and this looks like it's somewhere maybe on the Nile,
with the fishing boats, the dhows, coming in...
-Typical scene, isn't it?
-..unloading their catch,
a lot of people here cooking and sitting down
-and just looking at the goods.
-Possibly having a picnic.
Yes, or that were unloaded from the boats.
It's beautiful. It's got that lovely evening-sun look to it,
that warm glow, that lovely light. Well, looking in the book,
we can tell that she's sold before, she's exhibited before,
-and she's collectable.
That's the good news, isn't it?
OK? And some of her works here have sold -
watercolour on paper -
for in between £500 and £800.
-Oh, that's very good.
-Travel scenes, lots of dust.
That's again in Egypt or Constantinople.
I think a value of 300 to 500's about right on this.
We'll put a fixed reserve of 300 on it.
If it doesn't sell, I'll be quite happy to take it home,
-hang it back on the wall.
-OK. Well, we're going to flog it.
-£300 to £500, fixed reserve at 300.
-Let's see what the market dictates.
-Thank you for bringing it in. It's absolutely gorgeous.
I'm very excited about this, Sue.
What can you tell me about your wonderful sugar caster?
All I can tell you is that I got it from a car-boot,
-probably about four years ago...
-..um, near Southend.
Er, I do know the name Moorcroft,
and I just liked it,
so I bought it for a fiver.
-Five pounds? Really?
-It was £7.50.
-And you beat them down.
And do you know the name of this pattern?
-No, I don't.
-I believe it's the Hazeldene pattern,
which is this very stylistic, and quite recognisable...
Once you've seen it, you do spot it again.
These trees, in a very simple landscape,
but this very electric combination of shades of blue,
and it really works very well, I think,
and the use of the combination with pewter
links it back to the early days when, in the early 1900s,
they produced a lot of items for outlets such as Liberty's,
and I was rather hoping I'd find a Liberty mark on this,
but I can't find any Tudric stamp on that.
But it's certainly... The combination suggests
that it's a nice early 20th-century example.
And on the bottom, one might expect to see a very bold Moorcroft,
with a signature, and the "made in England" impressed into the bottom.
So it's beautifully documented. It's amazing nobody else spotted it!
You must have been secretly jumping up and down...
-I was, sort of, but I didn't know what it was.
I just assumed it was something to do with sugar, or maybe flour.
It's more likely to be sugar. Something as grand as this
probably wouldn't have been kept in the kitchen,
but sugar, yes, for strawberries and nice desserts and so on.
In terms of a piece of Moorcroft, anything which is culinary
or more unusual obviously is quite a find.
-One tends to find bowls and vases.
-Yeah. I've got a bowl.
Yes. I can't say ten-a-penny, but you'd expect to find that,
whereas this is a little more exciting.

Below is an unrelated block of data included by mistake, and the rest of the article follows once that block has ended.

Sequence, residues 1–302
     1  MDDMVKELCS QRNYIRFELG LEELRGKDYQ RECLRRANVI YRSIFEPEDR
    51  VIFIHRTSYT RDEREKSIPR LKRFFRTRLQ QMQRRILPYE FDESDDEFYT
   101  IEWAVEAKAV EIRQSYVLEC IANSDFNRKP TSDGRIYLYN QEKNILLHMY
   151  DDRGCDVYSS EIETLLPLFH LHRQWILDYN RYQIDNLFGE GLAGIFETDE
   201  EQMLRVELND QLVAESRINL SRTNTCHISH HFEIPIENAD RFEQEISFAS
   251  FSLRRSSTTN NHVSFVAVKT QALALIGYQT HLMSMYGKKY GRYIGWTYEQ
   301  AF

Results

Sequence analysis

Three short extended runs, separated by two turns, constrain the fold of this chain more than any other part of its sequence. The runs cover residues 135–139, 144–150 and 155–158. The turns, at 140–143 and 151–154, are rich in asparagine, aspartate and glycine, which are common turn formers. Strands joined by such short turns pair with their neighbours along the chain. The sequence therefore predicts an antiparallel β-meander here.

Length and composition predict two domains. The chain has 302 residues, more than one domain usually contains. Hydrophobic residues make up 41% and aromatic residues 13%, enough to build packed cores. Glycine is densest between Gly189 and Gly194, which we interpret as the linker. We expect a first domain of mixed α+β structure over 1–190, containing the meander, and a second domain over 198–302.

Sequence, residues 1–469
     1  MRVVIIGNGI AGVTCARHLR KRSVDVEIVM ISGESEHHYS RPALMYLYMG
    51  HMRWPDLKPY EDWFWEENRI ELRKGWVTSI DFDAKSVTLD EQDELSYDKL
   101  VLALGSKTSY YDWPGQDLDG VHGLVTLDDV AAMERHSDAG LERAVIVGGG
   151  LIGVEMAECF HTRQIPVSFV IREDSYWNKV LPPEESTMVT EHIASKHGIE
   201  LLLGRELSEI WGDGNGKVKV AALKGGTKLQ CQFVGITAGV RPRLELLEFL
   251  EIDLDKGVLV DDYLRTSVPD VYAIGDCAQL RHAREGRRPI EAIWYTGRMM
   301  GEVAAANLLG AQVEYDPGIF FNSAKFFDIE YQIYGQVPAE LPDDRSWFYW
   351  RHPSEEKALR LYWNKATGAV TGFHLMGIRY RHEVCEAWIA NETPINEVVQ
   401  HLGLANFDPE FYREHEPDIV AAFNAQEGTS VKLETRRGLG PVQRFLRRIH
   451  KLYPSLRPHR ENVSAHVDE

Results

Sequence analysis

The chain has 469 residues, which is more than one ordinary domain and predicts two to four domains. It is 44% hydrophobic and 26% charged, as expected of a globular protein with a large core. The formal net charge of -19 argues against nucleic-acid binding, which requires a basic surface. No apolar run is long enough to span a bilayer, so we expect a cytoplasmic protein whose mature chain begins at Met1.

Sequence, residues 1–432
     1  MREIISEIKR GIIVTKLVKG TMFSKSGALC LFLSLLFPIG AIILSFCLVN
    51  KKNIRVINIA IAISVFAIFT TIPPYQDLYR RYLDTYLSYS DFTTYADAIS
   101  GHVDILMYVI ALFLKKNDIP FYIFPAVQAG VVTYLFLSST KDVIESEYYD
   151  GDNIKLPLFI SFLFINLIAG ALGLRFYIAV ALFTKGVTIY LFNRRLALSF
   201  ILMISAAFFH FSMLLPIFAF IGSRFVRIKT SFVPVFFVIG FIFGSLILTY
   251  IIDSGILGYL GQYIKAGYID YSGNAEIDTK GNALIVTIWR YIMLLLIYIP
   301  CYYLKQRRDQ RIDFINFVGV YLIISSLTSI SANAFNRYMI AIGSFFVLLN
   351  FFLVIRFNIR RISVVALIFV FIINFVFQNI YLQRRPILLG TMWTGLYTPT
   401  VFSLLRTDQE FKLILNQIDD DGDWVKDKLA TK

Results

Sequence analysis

We'll be realistic. The condition is good.
The only thing that's suffered is the top.
The pewter's beginning to deteriorate at the top,
but the actual Moorcroft pottery body looks to be absolutely fine.
And I'd have said that it should make between £300 and £400
Er, and it might do a little bit more,
but £300 to £400, I think, is a realistic pre-auction estimate.
-Are you happy with that?
-Very, very happy with that.
-It's just a lovely item.
-Oh, I love it.
-Good return for a five-pound note.
-It is, indeed!
-Well done, you.
Yvonne, you've brought a bit of history along with you here.
-Where did you find this?
-It was actually a neighbour
who was moving out, and he was going to be using it,
-in his new property, for his birds.
-For his birds?!
It was going to be a loft box for his birds to go in and out.
-So I sort of nabbed it off him.
I didn't think it was worth being used for birds.
Certainly not. I don't suppose the birds would have wanted it.
You fly in there and end up in a drawer!
-I mean, you know what it is?
-Yes. A ballot box.
It's a ballot box, and the date of it, I should think, is about 1910.
It's Edwardian - 1900, 1910, I would think,
judging by the construction and the timber.
It's made of a combination of timbers.
It's got some mahogany in it.
The majority of it is just ordinary beech,
which was a common, cheap wood.
This is a piece of oak here, which needed to be harder wood,
because people's hands bashing against it all the time,
doing their voting.
Inside, it's got a sort of triangular division,
so you drop your balls into the right or the left,
depending on whether it's a yes or no.
I love the front for a reason.
The knobs on the drawers have obviously fallen off at some stage.
-Have you seen what somebody's put on there?
They've glued a couple pawns to it,
so somewhere somebody's playing chess
without the right number of white pieces!
We'll just use that to pull the drawer out.
There's no dovetailing in the joints.
It hasn't been made by a fantastic carpenter and joiner,
It's just basically panel-pinned together
with some standard locks.
But it's a great bit of history, and I'm glad you rescued it.
I'm not quite sure how the birds would have coped with all that lot.
Did you think it had a value when you rescued it?
-Not much, no. No, not much.
I thought about £30, £40.
I'd like to see it make more than that.
I think, because of the history,
-I'd rather it made between £50 and £100.